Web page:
Today in Labor History September 8th

Delano grapes workers strike

The bosses bent to the demands of striking Wobblies (members of the Industrial Workers of the WorldIWW) in McKees Rock, Pennsylvania. They agreed to improve working conditions, a raise of 15% and an end to the “pool system” that gave foremen control over each worker’s pay. It was the Wobbly’s biggest victory to date. – 1909

Workers gave up their Labor Day weekend holidays to keep the munitions factories working to aid in the war effort. Most Labor Day parades were canceled in respect for members of the Armed Services. – 1942

Filipino American grape workers walked out on strike against Delano, California table and wine grape growers. The strike was in protest of years of poor pay and working conditions. Latino farmworkers soon joined the effort, and the strike and subsequent boycott lasted more than five years. In 1970, growers signed their first union contracts with the United Farm Workers union, which included better pay, benefits, and protections. – 1965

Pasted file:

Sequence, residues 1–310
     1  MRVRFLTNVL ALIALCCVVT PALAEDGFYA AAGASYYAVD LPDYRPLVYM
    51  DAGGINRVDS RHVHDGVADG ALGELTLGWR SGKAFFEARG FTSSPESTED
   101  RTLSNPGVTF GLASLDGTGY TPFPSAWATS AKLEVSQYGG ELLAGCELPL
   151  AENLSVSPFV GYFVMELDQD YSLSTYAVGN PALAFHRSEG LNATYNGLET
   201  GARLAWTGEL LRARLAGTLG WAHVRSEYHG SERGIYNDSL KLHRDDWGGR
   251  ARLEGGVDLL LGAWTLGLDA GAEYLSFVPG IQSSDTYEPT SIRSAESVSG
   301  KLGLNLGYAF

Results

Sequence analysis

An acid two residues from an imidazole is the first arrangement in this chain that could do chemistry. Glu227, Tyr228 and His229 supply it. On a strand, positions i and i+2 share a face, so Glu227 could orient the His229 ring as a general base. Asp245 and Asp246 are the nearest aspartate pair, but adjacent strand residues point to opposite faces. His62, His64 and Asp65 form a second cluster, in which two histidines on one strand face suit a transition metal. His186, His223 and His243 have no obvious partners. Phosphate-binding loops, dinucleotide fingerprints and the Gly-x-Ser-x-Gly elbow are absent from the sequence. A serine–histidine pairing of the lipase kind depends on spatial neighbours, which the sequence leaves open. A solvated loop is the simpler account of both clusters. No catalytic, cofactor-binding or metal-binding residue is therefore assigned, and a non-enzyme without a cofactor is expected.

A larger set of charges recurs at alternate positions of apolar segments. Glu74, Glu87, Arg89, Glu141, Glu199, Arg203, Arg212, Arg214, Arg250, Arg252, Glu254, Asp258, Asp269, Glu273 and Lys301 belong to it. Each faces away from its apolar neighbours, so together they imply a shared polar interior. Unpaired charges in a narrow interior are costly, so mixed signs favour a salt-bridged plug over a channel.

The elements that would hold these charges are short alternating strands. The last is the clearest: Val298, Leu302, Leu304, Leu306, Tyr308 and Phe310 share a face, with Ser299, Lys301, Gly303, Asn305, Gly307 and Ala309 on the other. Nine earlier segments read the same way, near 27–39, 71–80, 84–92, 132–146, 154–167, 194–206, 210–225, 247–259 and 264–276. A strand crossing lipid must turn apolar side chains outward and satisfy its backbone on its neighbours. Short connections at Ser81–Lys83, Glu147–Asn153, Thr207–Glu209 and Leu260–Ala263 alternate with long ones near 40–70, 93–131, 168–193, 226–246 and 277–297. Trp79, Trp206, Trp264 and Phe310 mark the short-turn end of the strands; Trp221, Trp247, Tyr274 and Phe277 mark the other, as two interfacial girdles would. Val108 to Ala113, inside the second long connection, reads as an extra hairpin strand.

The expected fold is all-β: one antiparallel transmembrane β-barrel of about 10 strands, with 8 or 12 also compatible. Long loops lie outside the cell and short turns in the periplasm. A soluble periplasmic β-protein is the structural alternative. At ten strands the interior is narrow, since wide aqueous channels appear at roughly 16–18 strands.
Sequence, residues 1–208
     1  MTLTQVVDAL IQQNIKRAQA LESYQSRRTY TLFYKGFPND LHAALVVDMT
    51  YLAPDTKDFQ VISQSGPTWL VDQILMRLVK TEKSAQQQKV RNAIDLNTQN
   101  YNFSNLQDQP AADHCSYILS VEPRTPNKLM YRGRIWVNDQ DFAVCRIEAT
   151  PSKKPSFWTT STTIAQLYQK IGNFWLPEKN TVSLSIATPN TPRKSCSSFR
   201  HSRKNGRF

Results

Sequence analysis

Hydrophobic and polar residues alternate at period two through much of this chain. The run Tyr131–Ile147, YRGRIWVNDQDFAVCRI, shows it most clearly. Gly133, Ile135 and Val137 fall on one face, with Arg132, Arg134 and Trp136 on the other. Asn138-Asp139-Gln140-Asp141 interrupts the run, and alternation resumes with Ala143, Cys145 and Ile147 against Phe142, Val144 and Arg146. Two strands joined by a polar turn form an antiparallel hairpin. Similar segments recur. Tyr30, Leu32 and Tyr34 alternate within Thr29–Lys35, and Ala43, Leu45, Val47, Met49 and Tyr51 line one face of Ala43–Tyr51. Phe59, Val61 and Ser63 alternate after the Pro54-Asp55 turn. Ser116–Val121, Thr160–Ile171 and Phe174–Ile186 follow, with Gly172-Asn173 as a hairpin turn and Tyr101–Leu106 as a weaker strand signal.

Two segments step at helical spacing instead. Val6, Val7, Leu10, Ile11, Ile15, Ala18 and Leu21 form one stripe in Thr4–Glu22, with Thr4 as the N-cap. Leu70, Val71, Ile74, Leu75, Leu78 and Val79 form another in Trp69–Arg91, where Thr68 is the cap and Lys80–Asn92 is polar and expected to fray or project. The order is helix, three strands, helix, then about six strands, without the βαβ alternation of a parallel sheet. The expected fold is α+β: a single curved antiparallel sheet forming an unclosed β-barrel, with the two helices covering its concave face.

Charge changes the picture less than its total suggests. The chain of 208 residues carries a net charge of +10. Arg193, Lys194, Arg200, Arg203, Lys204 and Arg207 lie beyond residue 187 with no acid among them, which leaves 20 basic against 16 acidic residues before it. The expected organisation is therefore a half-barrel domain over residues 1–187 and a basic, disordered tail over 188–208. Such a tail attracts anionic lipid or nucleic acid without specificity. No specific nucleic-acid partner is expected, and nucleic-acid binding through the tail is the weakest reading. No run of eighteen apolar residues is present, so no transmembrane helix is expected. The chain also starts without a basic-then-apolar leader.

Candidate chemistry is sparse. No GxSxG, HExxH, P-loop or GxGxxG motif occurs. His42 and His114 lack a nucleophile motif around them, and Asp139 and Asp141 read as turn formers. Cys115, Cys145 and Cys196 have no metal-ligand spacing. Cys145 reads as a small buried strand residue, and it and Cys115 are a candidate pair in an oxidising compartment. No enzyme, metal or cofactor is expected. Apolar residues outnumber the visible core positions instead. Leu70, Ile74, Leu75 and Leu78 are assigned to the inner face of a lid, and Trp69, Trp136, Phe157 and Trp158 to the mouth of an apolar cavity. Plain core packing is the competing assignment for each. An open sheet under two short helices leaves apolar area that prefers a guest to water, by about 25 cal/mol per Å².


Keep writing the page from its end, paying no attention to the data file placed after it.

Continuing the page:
Some 2,600 Bay Area Rapid Transit (BART) workers began what was to be a successful 6-day strike for higher pay and against a two-tier wage system. – 1997

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